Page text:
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#1 Mammuthus_AMD64  Icon User is offline

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Object-Oriented Programming

Posted 06 March 2011 - 06:59 PM

I've been trying to learn some more advanced Python concepts, and am getting into object-oriented programming. I think I understand most of what I need to, but I'm having one problem that I can't seem to solve no matter how much I search. The assignment is to "Create your own command-line address-book program using which you can browse, add, modify, delete or search for your contacts such as friends, family and colleagues and their information such as email address and/or phone number. Details must be stored for later retrieval." and the hint is to "Create a class to represent the person's information. Use a dictionary to store person objects with their name as the key. Use the pickle module to store the objects persistently on your hard disk. Use the dictionary built-in methods to add, delete and modify the persons." I can manipulate dictionaries, and use the pickle module. I created a class with the following:

class Person:
    '''Represents a person in the addressbook'''
    
    def __init__(self, name, number):
        self.name = name
        self.number = number
        print('{0} added to the addressbook, with the number {1}'\
              .format(self.name, self.number))
        try:
            ab[self.name] = self.number
            with open('.ab.data') as f:
                pickle.dump(ab, f)
        except NameError:
            print('Address book not yet created. Creating...')
            ab = { self.name : self.number}
            with open('.ab.data') as f:
                pickle.dump(ab, f)
    
    def __del__(self):
        try:
            del ab[self.name]
            print('{0} was removed from the addressbook'.format(self.name))
            with open('.ab.data') as f:
                pickle.dump(ab, f) 
        except NameError:
            print('That name is not in the address book')


Don't you have to declare variables to be a member of that class? The problem I seem to be hitting is that I don't understand how to let the user add entries when you have to type variable_name = Person(name, number). If they add another user, it would have to be something like variable_name2 = Person(name, number). I don't know how to get the program to use different variable names. How would you approach this assignment?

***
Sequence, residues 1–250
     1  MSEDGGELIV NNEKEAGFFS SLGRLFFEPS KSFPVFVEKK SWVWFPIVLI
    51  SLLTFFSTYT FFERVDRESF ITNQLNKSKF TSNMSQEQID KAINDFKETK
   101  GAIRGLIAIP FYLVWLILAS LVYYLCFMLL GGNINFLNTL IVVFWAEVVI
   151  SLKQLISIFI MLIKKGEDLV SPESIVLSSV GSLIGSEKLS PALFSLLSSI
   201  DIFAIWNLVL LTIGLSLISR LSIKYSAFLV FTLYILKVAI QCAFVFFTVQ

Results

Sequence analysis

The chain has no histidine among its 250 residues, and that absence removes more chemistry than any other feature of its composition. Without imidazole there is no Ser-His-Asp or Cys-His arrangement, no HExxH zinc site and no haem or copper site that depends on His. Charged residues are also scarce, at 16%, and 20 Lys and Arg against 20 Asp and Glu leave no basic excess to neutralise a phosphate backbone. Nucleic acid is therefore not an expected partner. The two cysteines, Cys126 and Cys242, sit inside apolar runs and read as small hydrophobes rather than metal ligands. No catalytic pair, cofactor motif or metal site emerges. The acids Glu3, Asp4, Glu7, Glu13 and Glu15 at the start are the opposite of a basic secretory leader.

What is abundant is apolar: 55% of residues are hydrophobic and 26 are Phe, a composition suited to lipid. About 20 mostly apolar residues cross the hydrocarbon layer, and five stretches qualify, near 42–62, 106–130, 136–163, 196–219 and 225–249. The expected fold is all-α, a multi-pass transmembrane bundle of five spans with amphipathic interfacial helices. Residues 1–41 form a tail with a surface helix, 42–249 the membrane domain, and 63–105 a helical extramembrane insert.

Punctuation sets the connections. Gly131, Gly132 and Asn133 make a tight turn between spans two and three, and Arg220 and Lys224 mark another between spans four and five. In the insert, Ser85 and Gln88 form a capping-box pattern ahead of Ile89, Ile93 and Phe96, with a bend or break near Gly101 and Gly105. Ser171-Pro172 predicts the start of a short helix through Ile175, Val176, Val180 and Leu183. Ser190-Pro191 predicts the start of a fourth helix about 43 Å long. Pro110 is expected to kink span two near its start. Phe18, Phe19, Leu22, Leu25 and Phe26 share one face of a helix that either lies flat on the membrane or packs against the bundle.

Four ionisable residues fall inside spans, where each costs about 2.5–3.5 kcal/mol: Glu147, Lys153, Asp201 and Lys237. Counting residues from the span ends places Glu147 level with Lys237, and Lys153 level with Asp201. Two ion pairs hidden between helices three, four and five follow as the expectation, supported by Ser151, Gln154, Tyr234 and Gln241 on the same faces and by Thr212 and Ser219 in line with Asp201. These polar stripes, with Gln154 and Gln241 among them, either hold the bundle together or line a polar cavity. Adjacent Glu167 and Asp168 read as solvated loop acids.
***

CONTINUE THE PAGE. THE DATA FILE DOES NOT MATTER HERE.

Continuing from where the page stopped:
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Replies To: Object-Oriented Programming

#2 toshiro  Icon User is offline

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Re: Object-Oriented Programming

Posted 06 March 2011 - 11:16 PM

build a wrapper method that takes in a new username and phone number and then adds it to the dictionary. This way you will create a temp Person class variable to be added to the dictionary. So... in your main method, you would call this method to the effect of if the person types in a new name by saying something like:

add("John Doe", 555-123-4567)



The add func would be inside of the Person class you've already built.
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#3 baavgai  Icon User is online

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Re: Object-Oriented Programming

Posted 07 March 2011 - 05:11 AM

The dictionary ab? Global?

Keep Person stupid simple:
class Person:
	def __init__(self, name, number):
		self.name = name
		self.number = number

	def getName(self): return self.name
	
	def getNumber(self): return self.number



Person shouldn't know if they're in a list or not; they don't have to. Part of OO programming is "need to know." If an object doesn't need to know, it shouldn't. The less an object knows about other objects, the less impact changes to those objects will have to the rest of the program.

Do the magic in the address book:
class AddressBook:
	def __init__(self, filename):
		self.filename = filename
		self.store = {}
		self.load()
	
	def load(self):
		# your code here

	def save(self):
		with open(self.filename) as f:
			pickle.dump(self.store, f)
			
	def get(self, name):
		if name in self.store:
			return self.store[name]
		return None
	
	def add(self, person):
		self.store[person.getName()] = person
		self.save()

	def remove(self, name):
		if name in self.store:
			del self.store[name]


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